Memory processing during human sleep as assessed by functional neuroimaging

P Maquet, P Peigneux, S Laureys, M Boly, T Dang-Vu, M Desseilles, A Cleeremans

Research output: Contribution to journalArticle

Abstract

Sleep is believed to participate in memory consolidation, possibly through off-line processing of recent memory traces. In this paper, we summarize functional neuroimaging data testing this hypothesis. First, sleep deprivation disrupts the processing of recent memory traces and hampers the changes in functional segregation and connectivity which underpin the gain in performance usually observed in subjects allowed to sleep on the first post-training night. Second, experience-dependent changes in regional brain activity occur during post-training sleep. These changes are shown to be related to the processing of high-level material and to be modulated by the amount of learning achieved during the training session. These changes do not involve isolated brain areas but entire macroscopic cerebral networks. These data suggest a role for sleep in the processing of recent memory traces.
Original languageEnglish
Pages (from-to)6S27-9
JournalRevue neurologique
Volume159
Issue number11 Suppl
Publication statusPublished - Nov 2003

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Functional Neuroimaging
Sleep
Sleep Deprivation
Brain
Learning

Keywords

  • Adult
  • Brain Mapping
  • Cerebellar Nuclei
  • Cerebral Cortex
  • Humans
  • Learning
  • Magnetic Resonance Imaging
  • Memory
  • Memory Disorders
  • Nerve Net
  • Sleep
  • Sleep Deprivation
  • Sleep, REM

Cite this

Maquet, P., Peigneux, P., Laureys, S., Boly, M., Dang-Vu, T., Desseilles, M., & Cleeremans, A. (2003). Memory processing during human sleep as assessed by functional neuroimaging. Revue neurologique, 159(11 Suppl), 6S27-9.
Maquet, P ; Peigneux, P ; Laureys, S ; Boly, M ; Dang-Vu, T ; Desseilles, M ; Cleeremans, A. / Memory processing during human sleep as assessed by functional neuroimaging. In: Revue neurologique. 2003 ; Vol. 159, No. 11 Suppl. pp. 6S27-9.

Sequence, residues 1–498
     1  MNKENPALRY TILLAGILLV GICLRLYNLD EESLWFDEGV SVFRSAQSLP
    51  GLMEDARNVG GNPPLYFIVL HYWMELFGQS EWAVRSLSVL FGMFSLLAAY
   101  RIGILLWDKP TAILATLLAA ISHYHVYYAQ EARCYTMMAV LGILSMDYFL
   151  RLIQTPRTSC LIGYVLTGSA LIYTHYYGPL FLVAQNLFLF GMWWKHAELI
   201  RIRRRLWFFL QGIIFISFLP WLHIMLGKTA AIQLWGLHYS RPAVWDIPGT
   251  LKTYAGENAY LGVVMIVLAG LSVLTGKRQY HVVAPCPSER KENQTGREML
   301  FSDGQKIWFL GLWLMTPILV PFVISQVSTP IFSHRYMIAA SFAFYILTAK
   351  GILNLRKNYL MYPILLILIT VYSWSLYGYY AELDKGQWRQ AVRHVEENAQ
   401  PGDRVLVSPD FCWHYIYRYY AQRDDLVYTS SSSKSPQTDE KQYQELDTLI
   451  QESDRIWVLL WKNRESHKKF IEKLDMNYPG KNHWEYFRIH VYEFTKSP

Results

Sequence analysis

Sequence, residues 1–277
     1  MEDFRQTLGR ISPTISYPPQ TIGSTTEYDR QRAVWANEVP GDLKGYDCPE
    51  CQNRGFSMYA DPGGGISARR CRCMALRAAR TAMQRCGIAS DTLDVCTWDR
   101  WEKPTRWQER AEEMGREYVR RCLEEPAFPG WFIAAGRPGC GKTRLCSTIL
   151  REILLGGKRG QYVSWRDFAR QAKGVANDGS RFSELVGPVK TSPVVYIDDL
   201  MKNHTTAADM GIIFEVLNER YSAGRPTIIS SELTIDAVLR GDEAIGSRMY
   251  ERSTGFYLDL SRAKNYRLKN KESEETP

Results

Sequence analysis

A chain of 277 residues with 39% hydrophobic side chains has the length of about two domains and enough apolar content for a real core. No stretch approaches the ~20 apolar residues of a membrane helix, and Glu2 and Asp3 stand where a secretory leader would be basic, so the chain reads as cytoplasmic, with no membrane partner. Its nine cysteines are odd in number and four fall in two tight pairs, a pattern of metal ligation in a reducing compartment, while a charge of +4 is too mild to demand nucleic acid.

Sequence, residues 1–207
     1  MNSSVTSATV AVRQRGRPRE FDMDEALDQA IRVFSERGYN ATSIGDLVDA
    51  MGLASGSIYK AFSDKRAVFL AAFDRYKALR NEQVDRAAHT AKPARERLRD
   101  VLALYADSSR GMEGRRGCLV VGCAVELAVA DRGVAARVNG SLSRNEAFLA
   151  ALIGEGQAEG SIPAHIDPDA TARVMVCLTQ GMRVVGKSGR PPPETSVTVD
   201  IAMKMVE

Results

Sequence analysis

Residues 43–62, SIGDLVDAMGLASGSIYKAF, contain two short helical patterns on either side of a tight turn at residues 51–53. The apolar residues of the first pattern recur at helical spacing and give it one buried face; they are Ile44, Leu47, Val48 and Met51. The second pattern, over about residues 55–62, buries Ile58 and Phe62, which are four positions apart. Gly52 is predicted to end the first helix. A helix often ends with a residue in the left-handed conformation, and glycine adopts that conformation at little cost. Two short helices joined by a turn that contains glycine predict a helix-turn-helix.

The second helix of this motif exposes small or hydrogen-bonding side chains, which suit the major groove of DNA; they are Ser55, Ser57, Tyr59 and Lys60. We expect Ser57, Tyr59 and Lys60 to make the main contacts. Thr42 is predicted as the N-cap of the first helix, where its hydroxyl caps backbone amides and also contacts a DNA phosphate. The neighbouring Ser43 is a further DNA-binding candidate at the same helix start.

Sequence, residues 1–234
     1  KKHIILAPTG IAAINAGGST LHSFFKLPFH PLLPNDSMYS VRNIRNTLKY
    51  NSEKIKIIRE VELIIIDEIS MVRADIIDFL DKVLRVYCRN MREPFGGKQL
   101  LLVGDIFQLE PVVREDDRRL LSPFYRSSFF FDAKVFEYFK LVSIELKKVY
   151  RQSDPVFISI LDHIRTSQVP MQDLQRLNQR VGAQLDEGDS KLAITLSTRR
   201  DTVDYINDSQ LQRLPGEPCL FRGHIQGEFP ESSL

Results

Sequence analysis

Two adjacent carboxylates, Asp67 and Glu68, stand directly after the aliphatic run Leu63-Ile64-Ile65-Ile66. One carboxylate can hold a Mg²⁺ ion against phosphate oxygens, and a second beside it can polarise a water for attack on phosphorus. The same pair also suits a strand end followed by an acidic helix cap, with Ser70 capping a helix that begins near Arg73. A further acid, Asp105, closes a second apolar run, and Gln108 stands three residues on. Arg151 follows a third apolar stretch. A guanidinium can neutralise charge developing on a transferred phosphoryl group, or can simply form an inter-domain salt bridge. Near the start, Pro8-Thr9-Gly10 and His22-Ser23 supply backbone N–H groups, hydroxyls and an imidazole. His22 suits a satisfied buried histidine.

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Maquet, P, Peigneux, P, Laureys, S, Boly, M, Dang-Vu, T, Desseilles, M & Cleeremans, A 2003, 'Memory processing during human sleep as assessed by functional neuroimaging', Revue neurologique, vol. 159, no. 11 Suppl, pp. 6S27-9.

Memory processing during human sleep as assessed by functional neuroimaging. / Maquet, P; Peigneux, P; Laureys, S; Boly, M; Dang-Vu, T; Desseilles, M; Cleeremans, A.

In: Revue neurologique, Vol. 159, No. 11 Suppl, 11.2003, p. 6S27-9.

Research output: Contribution to journalArticle

TY - JOUR

T1 - Memory processing during human sleep as assessed by functional neuroimaging

AU - Maquet, P

AU - Peigneux, P

AU - Laureys, S

AU - Boly, M

AU - Dang-Vu, T

AU - Desseilles, M

AU - Cleeremans, A

PY - 2003/11

Y1 - 2003/11

N2 - Sleep is believed to participate in memory consolidation, possibly through off-line processing of recent memory traces. In this paper, we summarize functional neuroimaging data testing this hypothesis. First, sleep deprivation disrupts the processing of recent memory traces and hampers the changes in functional segregation and connectivity which underpin the gain in performance usually observed in subjects allowed to sleep on the first post-training night. Second, experience-dependent changes in regional brain activity occur during post-training sleep. These changes are shown to be related to the processing of high-level material and to be modulated by the amount of learning achieved during the training session. These changes do not involve isolated brain areas but entire macroscopic cerebral networks. These data suggest a role for sleep in the processing of recent memory traces.

AB - Sleep is believed to participate in memory consolidation, possibly through off-line processing of recent memory traces. In this paper, we summarize functional neuroimaging data testing this hypothesis. First, sleep deprivation disrupts the processing of recent memory traces and hampers the changes in functional segregation and connectivity which underpin the gain in performance usually observed in subjects allowed to sleep on the first post-training night. Second, experience-dependent changes in regional brain activity occur during post-training sleep. These changes are shown to be related to the processing of high-level material and to be modulated by the amount of learning achieved during the training session. These changes do not involve isolated brain areas but entire macroscopic cerebral networks. These data suggest a role for sleep in the processing of recent memory traces.

KW - Adult

KW - Brain Mapping

KW - Cerebellar Nuclei

KW - Cerebral Cortex

KW - Humans

KW - Learning

KW - Magnetic Resonance Imaging

KW - Memory

KW - Memory Disorders

KW - Nerve Net

KW - Sleep

KW - Sleep Deprivation

KW - Sleep, REM

M3 - Article

VL - 159

SP - 6S27-9

JO - Revue neurologique

JF - Revue neurologique

SN - 0035-3787

IS - 11 Suppl

ER -

Maquet P, Peigneux P, Laureys S, Boly M, Dang-Vu T, Desseilles M et al. Memory processing during human sleep as assessed by functional neuroimaging. Revue neurologique. 2003 Nov;159(11 Suppl):6S27-9.